I'm receiving annoying robo calls from a major car company who's trying to collect a late payment from one of their clients. I'm given the name and the amount that's due.

I have no clue who the person is, but knowing the amount, the name, the brand, and the area code they're dialing has given me some good information. Calling the car company's center made it clear that I can get more information rather easily. In fact - with the idea of letting the consumer know what I know - I have a good idea who to call because I pulled up a list of similar names with one simple search, which took all of 15 seconds.

So, here's my question. Are these type of robo calls an invasion of privacy? Do they lend themselves to greater ID and consumer fraud? I find it hard to believe that they don't.

- Mark


So I'm sitting in the barber's chair and getting my hair cut this morning. The talk turns to what's happening in the markets, and who's to blame. The standard Fox News meme emerged: "It's the fault of everyone who couldn't afford to buy a home."

My, my, where to begin ...

Why Wall Street Is At Fault ...
Let's start with this. The money had to come from somewhere. Fox News and their Republican friends may get political mileage pointing at irresponsible borrowers and Fannie Mae as the problem. But the real issue lies with people in the private sector who were creating and insuring shady mortgage contracts, as I've posted on here and here.

On this front, Wall Street knew what they were doing. Their models told them they would make money on their activities, so they pushed for more mortgages. Ability to pay wasn't really an issue. Creating marketable securities that they could bet on was.

Irresponsible borrowers? No doubt there was a problem. But we have to ask ourselves, Why was Wall Street and their financial mandarins so eager to lend to "irresponsible" borrowers?

The simple answer is that Wall Street's market players were becoming irresponsible lenders. They became irresponsible lenders because they had created a sweet ponzi mortgage scheme, built around a fraudulent insurance system.

In the first part of the scheme, as Nomi Prins outlined, between 2002 and 2008 about $1.4 trillion in subprime mortgages were issued. Out of these mortgages Wall Street created ("derived") about $14 trillion in securitized bets. In part because the underlying contracts were subprime mortgages, Wall Street needed insurance for their bets.

I'm over simplifying, but the second part of the scheme worked something like this.

* I tell you I will provide insurance for your mortgage backed securities.
* You must pay me premiums for my insurance.
* If the market collapses, "tough goat cookies ... we won't pay" (this wasn't actually said).
An illusory sense of security (insurance) plus record profits (for Wall Street) made for a euphoric market mood. So more mortgage contracts were sought, written up, and sold off to security slavery. Wall Street created it's own demand. It didn't matter who the mortgage holders were. As long as they could fog a mirror they were going to get a mortgage contract, which was going to be insured (wink, wink) somewhere down the line.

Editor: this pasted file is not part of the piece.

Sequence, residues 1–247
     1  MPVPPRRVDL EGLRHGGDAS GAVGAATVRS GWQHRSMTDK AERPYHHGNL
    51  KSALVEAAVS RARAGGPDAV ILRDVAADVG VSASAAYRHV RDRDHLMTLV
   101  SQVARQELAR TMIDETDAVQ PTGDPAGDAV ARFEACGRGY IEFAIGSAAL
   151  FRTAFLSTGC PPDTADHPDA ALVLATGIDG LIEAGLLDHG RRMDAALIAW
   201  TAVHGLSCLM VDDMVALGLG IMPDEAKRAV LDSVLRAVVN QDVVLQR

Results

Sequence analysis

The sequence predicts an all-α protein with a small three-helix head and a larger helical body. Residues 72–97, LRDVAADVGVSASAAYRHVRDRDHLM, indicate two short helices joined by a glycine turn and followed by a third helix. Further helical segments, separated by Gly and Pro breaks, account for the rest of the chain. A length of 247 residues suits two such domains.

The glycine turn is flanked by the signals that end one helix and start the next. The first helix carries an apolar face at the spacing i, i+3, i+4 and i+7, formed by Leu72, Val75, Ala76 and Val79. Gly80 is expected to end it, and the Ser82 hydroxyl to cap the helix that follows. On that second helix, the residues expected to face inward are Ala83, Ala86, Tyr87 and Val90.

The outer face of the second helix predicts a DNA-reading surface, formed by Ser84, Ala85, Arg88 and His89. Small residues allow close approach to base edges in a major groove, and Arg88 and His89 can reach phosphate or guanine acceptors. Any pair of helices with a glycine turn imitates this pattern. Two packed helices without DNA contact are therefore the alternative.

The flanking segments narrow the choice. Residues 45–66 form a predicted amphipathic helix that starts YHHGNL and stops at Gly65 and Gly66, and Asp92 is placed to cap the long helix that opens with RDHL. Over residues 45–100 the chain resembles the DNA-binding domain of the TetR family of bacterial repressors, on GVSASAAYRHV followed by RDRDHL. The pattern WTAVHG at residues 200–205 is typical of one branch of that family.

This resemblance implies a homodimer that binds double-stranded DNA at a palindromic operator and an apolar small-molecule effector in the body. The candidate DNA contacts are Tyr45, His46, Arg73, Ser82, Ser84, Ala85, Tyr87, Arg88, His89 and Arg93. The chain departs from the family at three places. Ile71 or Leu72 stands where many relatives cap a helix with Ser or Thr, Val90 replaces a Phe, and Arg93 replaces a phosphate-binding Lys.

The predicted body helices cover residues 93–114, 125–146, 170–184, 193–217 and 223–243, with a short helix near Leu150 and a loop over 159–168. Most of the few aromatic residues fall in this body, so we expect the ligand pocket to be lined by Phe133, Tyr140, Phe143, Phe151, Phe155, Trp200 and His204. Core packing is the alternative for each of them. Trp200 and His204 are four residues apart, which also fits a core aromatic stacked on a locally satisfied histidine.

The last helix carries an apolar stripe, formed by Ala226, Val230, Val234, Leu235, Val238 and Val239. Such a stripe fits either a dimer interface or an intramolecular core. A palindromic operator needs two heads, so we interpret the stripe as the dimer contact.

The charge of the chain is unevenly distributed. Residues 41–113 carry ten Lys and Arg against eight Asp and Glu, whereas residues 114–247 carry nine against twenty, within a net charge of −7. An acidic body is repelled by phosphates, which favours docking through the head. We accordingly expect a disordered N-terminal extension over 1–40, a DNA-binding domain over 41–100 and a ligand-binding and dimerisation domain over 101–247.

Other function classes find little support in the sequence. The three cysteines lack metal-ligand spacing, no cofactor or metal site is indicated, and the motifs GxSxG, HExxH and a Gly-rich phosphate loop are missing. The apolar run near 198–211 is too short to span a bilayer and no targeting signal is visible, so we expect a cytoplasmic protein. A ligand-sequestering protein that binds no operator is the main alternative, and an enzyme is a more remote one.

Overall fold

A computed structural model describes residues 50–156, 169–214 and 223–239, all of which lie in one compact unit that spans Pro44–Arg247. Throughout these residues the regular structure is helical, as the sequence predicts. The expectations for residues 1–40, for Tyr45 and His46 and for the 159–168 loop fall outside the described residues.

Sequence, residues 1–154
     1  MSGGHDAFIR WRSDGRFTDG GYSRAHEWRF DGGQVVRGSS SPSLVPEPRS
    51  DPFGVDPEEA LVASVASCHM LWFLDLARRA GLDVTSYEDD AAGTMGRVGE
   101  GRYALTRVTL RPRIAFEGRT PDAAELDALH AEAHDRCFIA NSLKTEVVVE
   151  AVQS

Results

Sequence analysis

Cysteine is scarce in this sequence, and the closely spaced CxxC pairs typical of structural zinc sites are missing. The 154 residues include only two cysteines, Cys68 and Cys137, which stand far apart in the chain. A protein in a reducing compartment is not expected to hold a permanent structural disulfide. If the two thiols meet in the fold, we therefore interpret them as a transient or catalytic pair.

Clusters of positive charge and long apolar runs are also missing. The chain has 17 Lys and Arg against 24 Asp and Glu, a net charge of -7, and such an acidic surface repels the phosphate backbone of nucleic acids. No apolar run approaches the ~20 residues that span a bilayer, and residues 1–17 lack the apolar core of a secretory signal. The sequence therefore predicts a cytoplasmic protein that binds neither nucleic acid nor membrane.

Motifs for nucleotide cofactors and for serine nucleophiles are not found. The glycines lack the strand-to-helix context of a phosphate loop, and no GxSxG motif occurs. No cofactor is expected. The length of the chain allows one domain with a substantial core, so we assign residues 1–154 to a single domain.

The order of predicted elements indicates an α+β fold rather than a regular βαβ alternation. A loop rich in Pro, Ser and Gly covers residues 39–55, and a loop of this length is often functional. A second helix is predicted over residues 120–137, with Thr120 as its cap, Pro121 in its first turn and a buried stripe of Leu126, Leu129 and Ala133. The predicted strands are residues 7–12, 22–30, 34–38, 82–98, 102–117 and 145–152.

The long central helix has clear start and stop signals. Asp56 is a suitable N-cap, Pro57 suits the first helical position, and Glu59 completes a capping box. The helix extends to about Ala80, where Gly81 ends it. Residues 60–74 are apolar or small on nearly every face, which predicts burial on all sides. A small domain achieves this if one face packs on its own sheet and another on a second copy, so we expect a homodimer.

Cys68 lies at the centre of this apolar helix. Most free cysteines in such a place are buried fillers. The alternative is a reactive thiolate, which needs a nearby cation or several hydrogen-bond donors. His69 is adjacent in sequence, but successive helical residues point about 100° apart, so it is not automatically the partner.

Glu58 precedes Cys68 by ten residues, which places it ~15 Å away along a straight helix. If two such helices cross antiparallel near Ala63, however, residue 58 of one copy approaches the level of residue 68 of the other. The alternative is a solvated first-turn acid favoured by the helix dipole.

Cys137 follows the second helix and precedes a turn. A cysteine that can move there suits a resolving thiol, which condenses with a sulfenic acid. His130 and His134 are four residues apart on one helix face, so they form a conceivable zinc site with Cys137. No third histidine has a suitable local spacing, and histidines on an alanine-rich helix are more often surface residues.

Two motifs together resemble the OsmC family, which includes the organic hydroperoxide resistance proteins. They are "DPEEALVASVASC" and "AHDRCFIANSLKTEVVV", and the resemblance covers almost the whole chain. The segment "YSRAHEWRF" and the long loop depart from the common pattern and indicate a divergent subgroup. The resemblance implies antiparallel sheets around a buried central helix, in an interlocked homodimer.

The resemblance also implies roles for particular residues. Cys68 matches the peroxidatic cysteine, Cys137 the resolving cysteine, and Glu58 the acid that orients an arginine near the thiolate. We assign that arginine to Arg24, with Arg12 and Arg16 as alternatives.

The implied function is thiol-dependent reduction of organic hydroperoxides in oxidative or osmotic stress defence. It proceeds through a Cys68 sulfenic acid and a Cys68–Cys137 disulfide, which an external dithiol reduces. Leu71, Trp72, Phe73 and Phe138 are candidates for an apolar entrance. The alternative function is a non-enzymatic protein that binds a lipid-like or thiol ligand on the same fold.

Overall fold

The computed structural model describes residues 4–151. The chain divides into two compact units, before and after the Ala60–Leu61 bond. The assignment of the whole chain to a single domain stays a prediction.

(At the time no one really knew or cared whether the insurer had the money to pay out claims. There were three reasons for this. First, Wall Street's market models said everything was OK. Second, the insured mortgage contracts were labeled as "derivative" contracts which, at the time, were largely unregulated. Finally, everyone was making lots of money).

Ben Bernanke Feeds the Fire
It was like handing the car keys to a teenager, and then being assured that everything will be fine by their loser friends, who are all carrying bottles of booze out the door as they wave good bye.

And why not? Ben Bernanke (the trusty father of the "loser friends" in this scenario) was confident that "market fundamentals were strong" and that bank regulators were doing the right thing. And, besides, national housing prices don't fall, right? Here's Bernanke making these claims before the market collapsed ...

A Ponzi Insurance Scheme + the sage (albeit, wrong) words of Fed Chair Ben Bernanke  =  a sense of market security.

This market chemistry was so soothing that Wall Street and the financial titans of America actively went out and looked for more home mortgages to issue, bundle up (CDOs), and then insure (CDSs) right up to when the market collapsed. Bonuses, sweet fees, and juicy commissions made this a win-win for everyone involved, but especially Wall Street.

"Don't Blame Me ..." Wall Street's Lack of Accountability
At the end of the day, as I pointed out here, when people stopped paying their debts and mortgages - which once gave value to the market securities that Wall Street created - what should have happened is that those who insured the securities should have paid up. Instead, they blamed irresponsible borrowers for ruining their ponzi-scheme.

Let me be clear here. When people stopped paying the debts and mortgages that made security contracts worth something, the people and institutions who provided the insurance for these contracts should have paid up.

But they didn't have to. The American taxpayer did, and will continue to do so long into the future.

MORAL OF THE STORY: Don't count your chickens before they hatch.

MORAL OF THE STORY, II: But especially don't blame Main Street for your own stupidity and greed when you create and feed a mortgage and insurance ponzi-scheme that produces profits for you but undermines the integrity of the market.

- Mark

Addendum: Congress held hearings on Fannie Mae and Freddie Mac today. It was covered by C-SPAN. As expected there were Republicans who wanted to direct blame away from Wall Street. So they tried to blame Fannie Mae and Freddie Mac for the market collapse because of how they backed reckless borrowers. Fortunately, Congressman Brad Miller (D-NC) was there to set the record straight.